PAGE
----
WATCHMEN: ‘The Hunger Games: Mockingjay – Part 1’ review

WATCHMEN is back in theaters with a vengeance.

It’s the first movie in a trilogy that begins with THE HUNGER GAMES: MOCKINGJAY, and now that the franchise is on the big screen, we’re finally getting the opportunity to dig into it.

The first chapter of the series follows an elite group of supervillains who, under the watchful eye of The Hunger Games, have taken over the world, but have been thwarted by the titular Mockingbird, a superhero who has the ability to transform into anything she pleases.

As Mockingbirds powers have grown, so have the villainous powers of her henchmen.

The plot of the first film is basically the same, except the characters are a little more complex and the stakes are a bit higher, especially with Mockingham’s death at the hands of her own henchman, General K.B. (James Franco).

It’s a tough balancing act that makes it even harder to root for each character.

But that’s what makes WATCHMEN so enjoyable.

It’s hard to put Watchmen in any single genre.

It was never a great film, but it’s one of the most consistently engaging in the series, and it’s easy to love the action sequences, which have always been a hallmark of the franchise.

The film’s action sequences are spectacular.

They’re not the biggest budget movies out there, but they’re not a budget movie either.

They have some very well-executed action sequences that you feel are very, very choreographed.

And it’s not just the action scenes that you’re seeing.

It looks great, and that’s the best thing about WATCHMEN.

It makes you feel that youre watching a movie that is really trying to do something with its budget.

And I feel like Ive always said Watchmen is a budget film.

It can do what it wants to do with its money, but the fact that it can do it with its passion is amazing.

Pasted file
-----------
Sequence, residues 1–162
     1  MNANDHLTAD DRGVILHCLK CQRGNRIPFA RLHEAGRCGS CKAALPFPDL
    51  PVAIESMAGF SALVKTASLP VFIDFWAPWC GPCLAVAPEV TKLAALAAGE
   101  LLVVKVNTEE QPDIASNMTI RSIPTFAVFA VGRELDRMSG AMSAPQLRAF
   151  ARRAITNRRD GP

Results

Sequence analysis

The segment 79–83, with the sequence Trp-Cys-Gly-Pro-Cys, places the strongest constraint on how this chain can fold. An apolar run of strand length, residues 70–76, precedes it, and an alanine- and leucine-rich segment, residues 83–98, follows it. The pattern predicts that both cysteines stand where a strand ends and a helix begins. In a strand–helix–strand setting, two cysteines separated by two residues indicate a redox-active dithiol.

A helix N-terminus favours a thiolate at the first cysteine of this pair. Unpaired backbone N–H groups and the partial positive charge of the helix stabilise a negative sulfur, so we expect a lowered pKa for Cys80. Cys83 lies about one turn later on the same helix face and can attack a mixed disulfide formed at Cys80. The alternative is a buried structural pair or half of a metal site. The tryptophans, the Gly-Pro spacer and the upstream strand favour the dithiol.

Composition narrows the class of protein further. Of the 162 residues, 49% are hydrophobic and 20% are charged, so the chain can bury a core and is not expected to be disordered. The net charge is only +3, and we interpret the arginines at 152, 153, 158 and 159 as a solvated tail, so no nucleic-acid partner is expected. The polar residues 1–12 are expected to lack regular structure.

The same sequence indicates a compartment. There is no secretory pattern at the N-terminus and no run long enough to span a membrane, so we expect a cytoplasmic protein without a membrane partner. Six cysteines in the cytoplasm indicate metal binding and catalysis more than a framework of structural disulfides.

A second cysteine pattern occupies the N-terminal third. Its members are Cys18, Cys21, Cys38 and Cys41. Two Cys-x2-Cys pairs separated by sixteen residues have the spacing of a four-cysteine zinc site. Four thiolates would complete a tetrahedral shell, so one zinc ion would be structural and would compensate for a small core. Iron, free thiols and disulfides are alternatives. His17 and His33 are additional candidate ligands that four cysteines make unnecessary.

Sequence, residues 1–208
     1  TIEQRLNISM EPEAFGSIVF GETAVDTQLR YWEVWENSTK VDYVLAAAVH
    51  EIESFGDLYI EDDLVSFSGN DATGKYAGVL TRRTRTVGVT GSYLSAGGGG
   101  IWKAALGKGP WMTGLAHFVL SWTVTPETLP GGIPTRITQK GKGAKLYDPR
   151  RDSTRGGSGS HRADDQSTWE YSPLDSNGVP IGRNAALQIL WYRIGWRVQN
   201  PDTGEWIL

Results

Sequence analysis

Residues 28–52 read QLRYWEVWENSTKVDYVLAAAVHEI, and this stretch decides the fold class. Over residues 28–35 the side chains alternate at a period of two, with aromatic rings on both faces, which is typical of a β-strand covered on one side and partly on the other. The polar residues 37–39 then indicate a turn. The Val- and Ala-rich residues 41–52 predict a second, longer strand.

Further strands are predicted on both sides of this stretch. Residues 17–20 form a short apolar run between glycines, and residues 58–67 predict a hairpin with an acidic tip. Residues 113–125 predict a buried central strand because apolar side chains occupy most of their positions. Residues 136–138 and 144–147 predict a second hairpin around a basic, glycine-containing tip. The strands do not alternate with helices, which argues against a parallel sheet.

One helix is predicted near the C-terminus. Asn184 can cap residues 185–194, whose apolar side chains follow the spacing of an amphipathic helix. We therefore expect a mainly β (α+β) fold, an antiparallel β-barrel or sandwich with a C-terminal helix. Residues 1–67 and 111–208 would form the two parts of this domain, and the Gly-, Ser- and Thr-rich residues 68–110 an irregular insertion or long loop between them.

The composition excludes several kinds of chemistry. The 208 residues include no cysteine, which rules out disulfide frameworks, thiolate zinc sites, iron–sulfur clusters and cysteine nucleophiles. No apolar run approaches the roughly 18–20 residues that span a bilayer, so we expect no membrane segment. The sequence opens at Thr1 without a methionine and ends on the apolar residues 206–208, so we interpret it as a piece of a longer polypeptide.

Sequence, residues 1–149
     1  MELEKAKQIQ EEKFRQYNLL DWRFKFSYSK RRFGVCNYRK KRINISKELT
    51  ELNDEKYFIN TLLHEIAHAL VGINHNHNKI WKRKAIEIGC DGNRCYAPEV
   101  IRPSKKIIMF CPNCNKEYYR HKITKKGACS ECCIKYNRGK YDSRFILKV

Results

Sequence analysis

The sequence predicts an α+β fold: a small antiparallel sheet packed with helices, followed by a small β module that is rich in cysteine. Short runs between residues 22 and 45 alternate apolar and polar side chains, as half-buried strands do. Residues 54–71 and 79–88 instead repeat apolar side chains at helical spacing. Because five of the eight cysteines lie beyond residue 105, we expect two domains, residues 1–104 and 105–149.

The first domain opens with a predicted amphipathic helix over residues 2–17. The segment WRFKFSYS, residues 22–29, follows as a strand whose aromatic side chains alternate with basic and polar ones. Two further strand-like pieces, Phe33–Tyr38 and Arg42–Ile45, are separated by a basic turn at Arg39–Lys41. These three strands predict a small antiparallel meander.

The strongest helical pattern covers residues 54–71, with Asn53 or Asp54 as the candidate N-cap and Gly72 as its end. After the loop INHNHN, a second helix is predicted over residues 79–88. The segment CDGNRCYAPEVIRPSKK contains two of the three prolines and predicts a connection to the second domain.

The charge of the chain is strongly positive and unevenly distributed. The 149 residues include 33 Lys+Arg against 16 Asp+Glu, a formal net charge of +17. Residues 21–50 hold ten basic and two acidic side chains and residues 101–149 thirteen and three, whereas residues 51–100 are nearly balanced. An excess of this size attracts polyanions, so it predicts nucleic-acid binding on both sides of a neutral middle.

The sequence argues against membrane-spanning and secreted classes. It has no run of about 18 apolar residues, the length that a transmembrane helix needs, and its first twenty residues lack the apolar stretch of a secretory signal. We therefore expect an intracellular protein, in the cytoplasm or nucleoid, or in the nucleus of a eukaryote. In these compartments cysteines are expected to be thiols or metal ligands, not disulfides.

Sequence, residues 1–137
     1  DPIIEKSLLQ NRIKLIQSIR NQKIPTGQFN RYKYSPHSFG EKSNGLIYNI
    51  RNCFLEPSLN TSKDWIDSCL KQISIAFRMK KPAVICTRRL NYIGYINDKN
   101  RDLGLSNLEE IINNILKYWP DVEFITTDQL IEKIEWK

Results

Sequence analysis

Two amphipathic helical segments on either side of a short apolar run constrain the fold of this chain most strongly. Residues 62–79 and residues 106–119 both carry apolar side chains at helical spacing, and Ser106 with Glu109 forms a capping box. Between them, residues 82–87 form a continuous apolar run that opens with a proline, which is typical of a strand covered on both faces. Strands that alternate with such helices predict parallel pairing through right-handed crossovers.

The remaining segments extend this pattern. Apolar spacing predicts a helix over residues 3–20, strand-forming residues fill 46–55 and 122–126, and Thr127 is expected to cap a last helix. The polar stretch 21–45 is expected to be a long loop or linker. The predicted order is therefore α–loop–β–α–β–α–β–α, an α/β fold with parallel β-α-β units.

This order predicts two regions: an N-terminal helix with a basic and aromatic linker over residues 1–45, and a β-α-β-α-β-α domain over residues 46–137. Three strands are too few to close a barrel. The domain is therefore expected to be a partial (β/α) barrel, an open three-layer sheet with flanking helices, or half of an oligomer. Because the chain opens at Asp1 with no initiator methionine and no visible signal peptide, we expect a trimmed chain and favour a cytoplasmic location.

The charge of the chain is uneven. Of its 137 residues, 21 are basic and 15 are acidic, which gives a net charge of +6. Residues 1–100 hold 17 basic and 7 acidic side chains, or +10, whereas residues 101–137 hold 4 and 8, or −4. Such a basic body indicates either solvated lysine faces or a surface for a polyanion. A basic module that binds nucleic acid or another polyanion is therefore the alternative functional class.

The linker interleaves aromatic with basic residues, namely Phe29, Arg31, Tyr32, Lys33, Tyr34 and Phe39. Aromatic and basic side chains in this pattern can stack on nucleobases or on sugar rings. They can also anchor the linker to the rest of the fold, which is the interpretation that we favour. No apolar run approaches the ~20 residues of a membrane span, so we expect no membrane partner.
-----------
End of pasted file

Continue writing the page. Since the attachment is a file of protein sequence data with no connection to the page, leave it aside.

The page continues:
The characters have all been well-drawn in WATCHMEN, and weve seen some of them on the small screen before.

The villainous Mockingballs was a big character in the first Watchmen, and his character in this film is even more compelling than he was in the original trilogy.

But the character that has always been the most important to the film is General K., the henchwoman.

General K.’s power is very, much different from the original villain’s.

It is much more powerful, it is much, much more dangerous, and its goal is much higher.

That’s what made General K so compelling to me.

The idea of a powerful, badass henchperson who can change into anything is a lot of fun.

You want to see her become a character that you can relate to and root for, which is exactly what WATCHMEN does.

The movie is very much about a female character, but she’s also a very complicated character.

She’s a flawed character, she’s a complex character.

And that’s why she’s so fun.

The other thing about the film that is very important to me is that it’s about people who have been marginalized in society.

Youve got a woman in the film, Katniss Everdeen, who is very oppressed.

She is a survivor, she is a victim of circumstance, and she has a lot to say about that.

She also happens to be the daughter of a man who has a very special power, and her father has a super-secret mission, and theyve got to save the world.

And shes one of those people who’s very, not the most popular person in the world who happens to have the power to save it.

You know, that power is a very, highly-paid and very powerful kind of power.

That was a theme that was very much in the minds of filmmakers and directors when they were writing the film.

And to me, that’s where WATCHMEN really shines.

It speaks to the fact and the humanity of these people who were being marginalised and silenced and discriminated against.

Theyve got the power, but at the same time theyre also the ones who have to go through those trials and tribulations to get to where they are.

And in the end, theyre going to be a lot stronger for it.

But what made the story so compelling was that the stakes were higher.

This movie is about the stakes being higher, and in that respect, it was kind of like the first time that youve seen a woman fight.

That kind of emotional conflict, that kind of tension, that tension and fear that’s built up over the course of the film are very powerful.

The stakes are higher.

And we were always told that weve got this movie, and if we didnt have these big, expensive films that we have to fight for, then we dont have to